Jorgenson had no comment on whether, if North Idaho secedes, it should join Washington, Montana or Canada.
The House Revenue & Taxation Committee just got out, after an hour-long meeting in which it reached several significant decisions on remaining property tax reform issues:
The panel unanimously agreed to concur in Senate amendments to both HB 421, increasing the homeowner’s exemption, and HB 422, expanding the “circuit breaker” tax break for the elderly and disabled. Those now go back to the full House. However, they also approved a new bill that may become an alternative to HB 421.
The new measure includes everything that was in HB 421 – raising the top amount of the homeowner’s exemption from $50,000 to $75,000, including land rather than just the value of improvements, and tying the top amount to inflation in the future through the Idaho Housing Index. But the new bill also includes removing the entire school maintenance and operations property tax levy, and replacing the lost school funding by raising the sales tax from its current 5 percent to 6.25 percent. The new combo bill is co-sponsored by Reps. Ken Roberts, R-Donnelly; Jim Clark, R-Hayden Lake; and Dennis Lake, R-Blackfoot.
Here’s an interesting report just in from reporter John Miller of the Associated Press:
“BOISE, Idaho (AP) – A state senator from a Boise suburb who sits on the committee that divvies up Idaho’s $2.34 billion state budget missed nearly one in three committee votes this year, in part because he was preparing for gun shows. The absences of Sen. Gerry Sweet, R-Meridian, drew criticism from some lawmakers who say he hasn’t paid enough attention to one of the Legislature’s most important panels. Sweet didn’t vote on 63 of 200 budget bills for fiscal year 2007, based on figures provided by the Joint Finance-Appropriations Committee to The Associated Press.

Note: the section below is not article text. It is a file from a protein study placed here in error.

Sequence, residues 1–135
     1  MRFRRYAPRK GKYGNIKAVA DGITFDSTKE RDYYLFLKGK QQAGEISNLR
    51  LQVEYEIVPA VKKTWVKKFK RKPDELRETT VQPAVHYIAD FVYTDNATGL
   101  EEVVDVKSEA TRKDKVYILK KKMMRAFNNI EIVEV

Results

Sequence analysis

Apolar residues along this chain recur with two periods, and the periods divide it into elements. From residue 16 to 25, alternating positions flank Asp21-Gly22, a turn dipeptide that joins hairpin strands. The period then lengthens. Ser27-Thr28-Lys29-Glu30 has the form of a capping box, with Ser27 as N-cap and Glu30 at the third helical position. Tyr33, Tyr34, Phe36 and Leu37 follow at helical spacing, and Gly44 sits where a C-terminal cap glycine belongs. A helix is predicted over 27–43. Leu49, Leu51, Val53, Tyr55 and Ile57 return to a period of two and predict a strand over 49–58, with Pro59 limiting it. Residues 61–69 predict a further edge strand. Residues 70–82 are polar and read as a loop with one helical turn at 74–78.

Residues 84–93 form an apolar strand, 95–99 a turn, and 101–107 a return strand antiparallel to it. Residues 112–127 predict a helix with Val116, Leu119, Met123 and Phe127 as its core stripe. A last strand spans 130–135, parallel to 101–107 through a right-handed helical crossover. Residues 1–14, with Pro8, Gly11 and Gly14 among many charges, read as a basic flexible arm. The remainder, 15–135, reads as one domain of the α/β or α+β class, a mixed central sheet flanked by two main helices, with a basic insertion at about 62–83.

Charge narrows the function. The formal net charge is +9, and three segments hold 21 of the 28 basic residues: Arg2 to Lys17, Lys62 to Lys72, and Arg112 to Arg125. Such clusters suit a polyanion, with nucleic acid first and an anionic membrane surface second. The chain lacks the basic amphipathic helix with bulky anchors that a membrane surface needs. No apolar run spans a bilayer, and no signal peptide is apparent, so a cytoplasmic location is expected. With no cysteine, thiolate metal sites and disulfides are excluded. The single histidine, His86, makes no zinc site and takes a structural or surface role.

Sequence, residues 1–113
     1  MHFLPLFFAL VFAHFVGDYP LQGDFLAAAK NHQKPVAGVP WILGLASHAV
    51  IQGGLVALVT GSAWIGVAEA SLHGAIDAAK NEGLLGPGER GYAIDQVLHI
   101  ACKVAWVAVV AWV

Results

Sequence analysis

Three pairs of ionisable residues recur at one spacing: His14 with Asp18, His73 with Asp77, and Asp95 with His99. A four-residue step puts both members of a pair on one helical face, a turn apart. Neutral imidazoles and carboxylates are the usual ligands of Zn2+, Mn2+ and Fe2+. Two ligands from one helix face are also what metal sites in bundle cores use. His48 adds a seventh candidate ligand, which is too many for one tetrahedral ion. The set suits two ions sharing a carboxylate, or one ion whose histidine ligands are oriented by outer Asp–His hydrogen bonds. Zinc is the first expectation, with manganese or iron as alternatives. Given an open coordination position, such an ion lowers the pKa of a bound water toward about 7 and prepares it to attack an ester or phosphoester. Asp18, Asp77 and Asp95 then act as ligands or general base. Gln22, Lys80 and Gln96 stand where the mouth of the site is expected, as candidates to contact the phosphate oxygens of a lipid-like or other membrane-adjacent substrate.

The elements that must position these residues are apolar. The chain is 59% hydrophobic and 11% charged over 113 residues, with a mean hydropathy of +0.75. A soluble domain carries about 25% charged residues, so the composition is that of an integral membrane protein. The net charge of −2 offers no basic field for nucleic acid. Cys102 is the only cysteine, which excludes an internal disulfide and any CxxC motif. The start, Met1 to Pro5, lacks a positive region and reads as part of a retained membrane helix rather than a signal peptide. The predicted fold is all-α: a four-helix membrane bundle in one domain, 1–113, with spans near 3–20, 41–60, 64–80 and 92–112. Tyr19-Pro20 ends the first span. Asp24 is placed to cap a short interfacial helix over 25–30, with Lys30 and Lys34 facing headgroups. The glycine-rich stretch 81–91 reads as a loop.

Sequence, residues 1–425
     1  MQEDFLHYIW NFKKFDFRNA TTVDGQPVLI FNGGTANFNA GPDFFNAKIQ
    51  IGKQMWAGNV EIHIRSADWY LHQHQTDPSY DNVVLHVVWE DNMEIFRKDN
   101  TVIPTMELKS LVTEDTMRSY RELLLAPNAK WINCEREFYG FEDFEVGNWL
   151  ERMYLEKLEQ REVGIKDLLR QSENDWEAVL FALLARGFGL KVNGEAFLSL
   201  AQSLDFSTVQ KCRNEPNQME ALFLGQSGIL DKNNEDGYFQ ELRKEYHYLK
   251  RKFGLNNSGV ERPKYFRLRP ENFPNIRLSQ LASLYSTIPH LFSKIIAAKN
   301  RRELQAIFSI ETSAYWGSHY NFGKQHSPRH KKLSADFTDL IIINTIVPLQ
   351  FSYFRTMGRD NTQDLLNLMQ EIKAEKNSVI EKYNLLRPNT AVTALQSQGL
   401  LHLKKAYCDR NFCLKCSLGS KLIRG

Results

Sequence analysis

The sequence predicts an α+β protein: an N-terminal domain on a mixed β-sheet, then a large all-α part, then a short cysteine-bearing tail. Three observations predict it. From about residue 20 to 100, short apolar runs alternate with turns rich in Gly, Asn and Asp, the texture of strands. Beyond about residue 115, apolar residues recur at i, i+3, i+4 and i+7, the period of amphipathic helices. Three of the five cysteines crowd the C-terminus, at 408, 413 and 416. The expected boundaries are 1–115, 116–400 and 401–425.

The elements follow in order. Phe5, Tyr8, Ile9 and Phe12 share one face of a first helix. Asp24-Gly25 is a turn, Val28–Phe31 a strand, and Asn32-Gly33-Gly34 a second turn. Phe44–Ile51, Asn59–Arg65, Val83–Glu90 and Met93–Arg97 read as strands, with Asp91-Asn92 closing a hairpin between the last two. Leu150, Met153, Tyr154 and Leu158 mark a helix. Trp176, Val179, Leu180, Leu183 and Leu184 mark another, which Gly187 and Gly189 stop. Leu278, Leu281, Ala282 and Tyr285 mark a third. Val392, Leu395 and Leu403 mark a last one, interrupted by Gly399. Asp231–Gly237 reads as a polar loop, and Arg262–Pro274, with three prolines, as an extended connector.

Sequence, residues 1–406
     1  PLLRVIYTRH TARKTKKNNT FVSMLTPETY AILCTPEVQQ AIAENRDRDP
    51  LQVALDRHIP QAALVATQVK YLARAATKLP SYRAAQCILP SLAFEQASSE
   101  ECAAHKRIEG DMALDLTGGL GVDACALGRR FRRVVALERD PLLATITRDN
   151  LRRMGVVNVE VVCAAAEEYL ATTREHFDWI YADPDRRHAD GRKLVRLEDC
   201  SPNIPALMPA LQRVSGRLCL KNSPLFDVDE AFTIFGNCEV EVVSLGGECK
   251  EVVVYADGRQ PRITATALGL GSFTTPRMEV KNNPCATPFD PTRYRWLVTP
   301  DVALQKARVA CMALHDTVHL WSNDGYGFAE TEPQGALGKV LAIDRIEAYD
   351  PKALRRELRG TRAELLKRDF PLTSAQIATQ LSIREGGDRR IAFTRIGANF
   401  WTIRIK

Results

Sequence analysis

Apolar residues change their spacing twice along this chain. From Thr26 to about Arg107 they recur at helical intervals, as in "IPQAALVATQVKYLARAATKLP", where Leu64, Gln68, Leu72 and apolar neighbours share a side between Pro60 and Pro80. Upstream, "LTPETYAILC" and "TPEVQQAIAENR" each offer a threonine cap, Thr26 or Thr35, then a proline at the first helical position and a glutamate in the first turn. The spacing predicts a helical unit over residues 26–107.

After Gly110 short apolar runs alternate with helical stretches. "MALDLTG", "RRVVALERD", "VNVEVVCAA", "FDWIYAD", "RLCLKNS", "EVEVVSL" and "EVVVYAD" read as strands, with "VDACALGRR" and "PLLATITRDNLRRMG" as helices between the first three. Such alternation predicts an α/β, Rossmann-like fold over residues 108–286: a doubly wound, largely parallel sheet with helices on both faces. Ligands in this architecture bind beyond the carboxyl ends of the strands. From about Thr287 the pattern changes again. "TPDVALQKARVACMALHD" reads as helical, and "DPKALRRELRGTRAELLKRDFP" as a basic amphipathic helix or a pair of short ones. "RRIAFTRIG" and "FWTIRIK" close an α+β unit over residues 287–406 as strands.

Sweet missed votes during at least 15 meetings, including March 29 and March 30, when the 20-member committee put together a $35.4 million final budget package that contained Gov. Dirk Kempthorne’s “Experience Idaho” parks program. The Meridian lawmaker says his business - he’s a gun dealer who sells weapons over the Internet and at gun shows, including one last weekend in Boise - has grown this year, keeping him away from the Statehouse. Sweet, who missed 17 votes on the budget panel during the 2005 Legislature, agreed the committee is the Legislature’s most important, “the one that probably has the greatest impact.” Still, Sweet said his business, Shooter’s Wholesale Inc., has grown this year and often drew him away from the Capitol. “It’s hard for people that are small business owners to serve in the Legislature and maintain their small business,” Sweet told the AP, adding he’d hoped the Legislature would have already ended by the time spring gun shows had begun.
Sweet, who doesn’t have a Republican challenger in the May 23 primary but faces Democrat Laurynda A. Williams in the November general election, said he plans to return to the budget committee next year if re-elected. Others Republicans on the budget panel said it’s up to constituents to decide whether their lawmakers are attending enough meetings to properly represent them. “You lose out on representing your constituents if you aren’t there to vote,” said Sen. John McGee, R-Caldwell, who was gone for just seven budget-committee votes. “I was fortunate enough to be picked for a powerful committee. I’m going to take advantage of that wherever I can. We’re the guardians of the people’s money.””
The Idaho Senate just voted 18-17 in favor of SJR 108, the bill to amend the state Constitution to shift school operations funding off the property tax and raise the sales tax to make up the difference – but that wasn’t enough to pass the measure, which needed two-thirds approval.